WS:  Brandon, tell the listeners a couple or maybe a habit that you are disciplined about that has produced the highest returns for you. 

BS: Habits that I’m disciplined on. The top thing that I think I do better than anyone else that I’ve seen is – I talked to quite a bit of people that when they are thinking on anything that is new, they just think and they think and they overthink everything to a point that they don’t ever take action. So, I’ve always found that I have, when a thing is good, I will take action first then I’ll figure out how to do things afterward. And that can be a good thing to hear because there are a ton of people that overthink things, and don’t ever do anything. I feel that that’s been the top thing that I do that helps us. I just go and I get things figured out and then things are able to happen. 

WS:  Yeah, if you let fear set in the man, it’s hard to get past it. Commit quickly then you have to do it. That’s awesome. It’s a great reminder for all of us. What’s the number one thing that’s contributed to your success? 

BS: Taking action. Doing things that others aren’t comfortable doing. I think the inner feeling that I can do things has pushed me beyond the upfront fear of the thought that I can’t. I feel that it has always helped me – to just take action. But then also after you take action, so I feel like God’s going to definitely test you. He’s going to test you to just see if you are going to follow through on it. During all those times, you just can’t quit either. There is also part of it where I cleaned cars and RVs for 14 years. 14 years doing that, that’s a long time. But it taught me a ton and I also got exposed to some really good people. But, fast forward to today, that’s something that I will follow through on things. I don’t quit even as things are hard. You just figure out how to do it. I feel like people quit too easily today.

WS:  No doubt about it. It reminds me of that book. I may not get this exactly right but the title of it’s like “Seven Feet From Gold” or “10 Feet from…”, I can’t remember now. But the thought is, you gave up, right before you hit the gold. It’s like, that happens often and it’s a great reminder as well, you got to keep going. Brandon, how do you like to give back?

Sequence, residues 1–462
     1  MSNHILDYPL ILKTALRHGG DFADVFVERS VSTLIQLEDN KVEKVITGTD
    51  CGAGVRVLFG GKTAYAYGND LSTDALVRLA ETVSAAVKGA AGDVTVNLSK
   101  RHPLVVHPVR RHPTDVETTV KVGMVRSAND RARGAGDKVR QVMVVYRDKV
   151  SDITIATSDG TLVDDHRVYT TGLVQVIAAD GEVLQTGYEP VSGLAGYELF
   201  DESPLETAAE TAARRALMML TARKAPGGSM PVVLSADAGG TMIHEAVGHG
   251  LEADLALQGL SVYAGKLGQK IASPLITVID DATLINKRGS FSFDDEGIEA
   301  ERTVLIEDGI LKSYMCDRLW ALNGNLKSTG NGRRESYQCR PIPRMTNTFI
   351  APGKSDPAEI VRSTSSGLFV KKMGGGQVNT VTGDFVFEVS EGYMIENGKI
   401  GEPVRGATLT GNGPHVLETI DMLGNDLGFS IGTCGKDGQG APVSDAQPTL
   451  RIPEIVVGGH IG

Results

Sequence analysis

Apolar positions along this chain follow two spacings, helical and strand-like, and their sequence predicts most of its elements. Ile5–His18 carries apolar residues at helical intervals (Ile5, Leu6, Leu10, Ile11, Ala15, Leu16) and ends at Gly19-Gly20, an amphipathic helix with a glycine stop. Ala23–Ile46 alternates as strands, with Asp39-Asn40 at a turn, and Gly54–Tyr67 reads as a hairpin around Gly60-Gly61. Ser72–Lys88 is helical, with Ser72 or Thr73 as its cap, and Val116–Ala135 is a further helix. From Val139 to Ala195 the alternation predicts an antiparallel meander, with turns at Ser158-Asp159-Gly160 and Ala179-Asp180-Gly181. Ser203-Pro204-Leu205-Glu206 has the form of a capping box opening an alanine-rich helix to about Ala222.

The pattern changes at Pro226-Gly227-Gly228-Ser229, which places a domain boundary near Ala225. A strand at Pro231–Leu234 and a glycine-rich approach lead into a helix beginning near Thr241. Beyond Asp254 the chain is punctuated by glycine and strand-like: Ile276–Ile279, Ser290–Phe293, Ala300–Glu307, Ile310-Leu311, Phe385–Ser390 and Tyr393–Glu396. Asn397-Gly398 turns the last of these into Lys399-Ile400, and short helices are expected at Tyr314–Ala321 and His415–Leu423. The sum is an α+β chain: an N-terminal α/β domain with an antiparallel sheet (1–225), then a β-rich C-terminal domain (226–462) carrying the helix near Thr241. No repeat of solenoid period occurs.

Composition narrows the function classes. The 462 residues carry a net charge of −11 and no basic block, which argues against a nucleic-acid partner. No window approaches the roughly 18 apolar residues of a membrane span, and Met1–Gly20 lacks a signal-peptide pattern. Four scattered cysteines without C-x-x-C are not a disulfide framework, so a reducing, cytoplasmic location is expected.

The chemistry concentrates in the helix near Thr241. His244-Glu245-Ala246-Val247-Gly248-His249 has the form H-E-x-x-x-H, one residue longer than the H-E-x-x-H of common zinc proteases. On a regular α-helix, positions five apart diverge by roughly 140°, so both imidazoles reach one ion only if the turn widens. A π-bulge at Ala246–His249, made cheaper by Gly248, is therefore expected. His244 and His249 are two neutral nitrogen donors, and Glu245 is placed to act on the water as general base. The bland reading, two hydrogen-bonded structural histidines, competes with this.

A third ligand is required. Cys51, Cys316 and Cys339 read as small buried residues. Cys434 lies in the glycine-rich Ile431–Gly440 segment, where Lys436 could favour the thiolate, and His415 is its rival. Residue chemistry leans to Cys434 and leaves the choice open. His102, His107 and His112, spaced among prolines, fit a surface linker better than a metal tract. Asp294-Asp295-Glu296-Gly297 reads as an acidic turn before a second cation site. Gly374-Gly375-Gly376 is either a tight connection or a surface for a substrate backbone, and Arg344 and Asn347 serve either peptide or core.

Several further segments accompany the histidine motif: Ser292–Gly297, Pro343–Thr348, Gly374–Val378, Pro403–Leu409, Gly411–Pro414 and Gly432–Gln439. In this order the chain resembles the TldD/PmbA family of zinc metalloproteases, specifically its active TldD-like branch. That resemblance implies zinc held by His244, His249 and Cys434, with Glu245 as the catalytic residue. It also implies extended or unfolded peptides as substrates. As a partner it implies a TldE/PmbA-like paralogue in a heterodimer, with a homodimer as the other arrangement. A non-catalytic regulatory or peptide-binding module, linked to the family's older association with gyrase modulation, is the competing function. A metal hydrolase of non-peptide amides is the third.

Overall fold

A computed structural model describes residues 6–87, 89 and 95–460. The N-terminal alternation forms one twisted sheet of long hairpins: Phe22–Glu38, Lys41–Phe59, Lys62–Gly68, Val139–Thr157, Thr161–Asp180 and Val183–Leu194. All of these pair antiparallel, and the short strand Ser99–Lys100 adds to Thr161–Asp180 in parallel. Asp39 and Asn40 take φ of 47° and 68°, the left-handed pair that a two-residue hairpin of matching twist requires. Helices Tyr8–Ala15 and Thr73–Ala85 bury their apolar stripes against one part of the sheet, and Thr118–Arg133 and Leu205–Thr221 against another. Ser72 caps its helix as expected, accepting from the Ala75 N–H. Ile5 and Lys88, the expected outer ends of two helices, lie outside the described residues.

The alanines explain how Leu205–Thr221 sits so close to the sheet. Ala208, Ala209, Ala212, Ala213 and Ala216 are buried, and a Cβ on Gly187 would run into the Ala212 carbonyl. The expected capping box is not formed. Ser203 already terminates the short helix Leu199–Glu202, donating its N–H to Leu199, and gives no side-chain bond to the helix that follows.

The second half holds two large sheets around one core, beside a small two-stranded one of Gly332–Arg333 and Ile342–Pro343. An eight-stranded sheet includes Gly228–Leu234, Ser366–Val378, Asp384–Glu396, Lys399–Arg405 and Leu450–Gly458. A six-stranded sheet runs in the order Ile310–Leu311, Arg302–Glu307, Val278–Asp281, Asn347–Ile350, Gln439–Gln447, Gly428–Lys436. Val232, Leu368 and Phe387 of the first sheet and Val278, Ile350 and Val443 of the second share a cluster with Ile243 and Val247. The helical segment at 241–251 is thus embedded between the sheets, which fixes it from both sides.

BS: I just love to give back by teaching people that this asset class is out here. I, often, am teaching other people to potentially get into it. But I feel like if I can teach them that this asset class is out there and just totally open up to them, I feel like I can help people. How I would like to give back? I came up with an 85-page book that I was going to put up for sale. And I finally figured out that I don’t feel like teaching people because that takes me away. So, I give that to anybody that’s interested in opening up their own home and they tell me that they were able to hear it on here that I will give that to them for free. Then, I also am going to give time to anybody that’s interested to talk with us, to either help them and ask and help them answer anything that they have either on our asset class or how they could invest or if they are interested to go through this 85-page book. I will talk to them afterward. Once they go through this book seven times, they have to go through it because then they will be able to keep about 94% of the info up here. I will talk to him afterward for up to 30 minutes. That time is the top thing that I could give anybody because that is something that you don’t have X of like you. And that is a thing that I will offer to anyone that’s able to get to this point. I think we’re close to an hour in right now.

WS: Awesome. Brandon honored to have you on the show and to learn more about this asset class and even just your model. I like it because even as I think about my family members, I think about, okay, will I want them in a large home? Or will I want them in a small home in this community that’s being able to be built? Because no doubt, they want to feel like they’re still at home. They love that atmosphere, that’s what they know. So, I love this business model, and your desire to help the seniors who definitely need our help. Grateful to have you on the show. Tell the listeners how they can get in touch with you and learn more about you.

BS: I think probably the easiest way, so we are going to be old-fashioned where if you just call our office to talk to us, that’s probably the easiest. Our office phone number is 847-860-6432, that’s the office. And then the other office line is 847-380-8624. Call either of those, ask to talk to us. I have an awesome EA who is able to answer via phone call and then she is able to help get everything taken care of.



WS: Thank you for being a loyal listener of the Real Estate Syndication Show. Please subscribe and like the show. Share it with your friends so we can help them as well. Don’t forget, go to where you can sign up and start investing in real estate today. Have a blessed day.